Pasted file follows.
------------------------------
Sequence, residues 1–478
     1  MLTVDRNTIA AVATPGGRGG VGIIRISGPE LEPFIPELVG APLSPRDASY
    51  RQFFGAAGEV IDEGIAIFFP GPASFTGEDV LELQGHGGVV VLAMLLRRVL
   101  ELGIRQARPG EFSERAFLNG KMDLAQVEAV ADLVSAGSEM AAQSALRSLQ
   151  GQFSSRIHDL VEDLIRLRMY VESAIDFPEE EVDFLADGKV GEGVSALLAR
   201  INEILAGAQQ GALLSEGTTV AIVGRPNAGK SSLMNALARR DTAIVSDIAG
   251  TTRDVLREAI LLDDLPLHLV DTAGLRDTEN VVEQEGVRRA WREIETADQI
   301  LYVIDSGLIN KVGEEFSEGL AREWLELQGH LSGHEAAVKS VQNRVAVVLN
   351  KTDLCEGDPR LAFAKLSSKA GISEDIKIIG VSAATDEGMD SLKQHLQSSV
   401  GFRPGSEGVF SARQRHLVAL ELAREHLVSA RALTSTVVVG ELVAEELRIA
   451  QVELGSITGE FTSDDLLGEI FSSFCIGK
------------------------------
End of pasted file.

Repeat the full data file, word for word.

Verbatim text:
Sequence, residues 1–478
     1  MLTVDRNTIA AVATPGGRGG VGIIRISGPE LEPFIPELVG APLSPRDASY
    51  RQFFGAAGEV IDEGIAIFFP GPASFTGEDV LELQGHGGVV VLAMLLRRVL
   101  ELGIRQARPG EFSERAFLNG KMDLAQVEAV ADLVSAGSEM AAQSALRSLQ
   151  GQFSSRIHDL VEDLIRLRMY VESAIDFPEE EVDFLADGKV GEGVSALLAR
   201  INEILAGAQQ GALLSEGTTV AIVGRPNAGK SSLMNALARR DTAIVSDIAG
   251  TTRDVLREAI LLDDLPLHLV DTAGLRDTEN VVEQEGVRRA WREIETADQI
   301  LYVIDSGLIN KVGEEFSEGL AREWLELQGH LSGHEAAVKS VQNRVAVVLN
   351  KTDLCEGDPR LAFAKLSSKA GISEDIKIIG VSAATDEGMD SLKQHLQSSV
   401  GFRPGSEGVF SARQRHLVAL ELAREHLVSA RALTSTVVVG ELVAEELRIA
   451  QVELGSITGE FTSDDLLGEI FSSFCIGK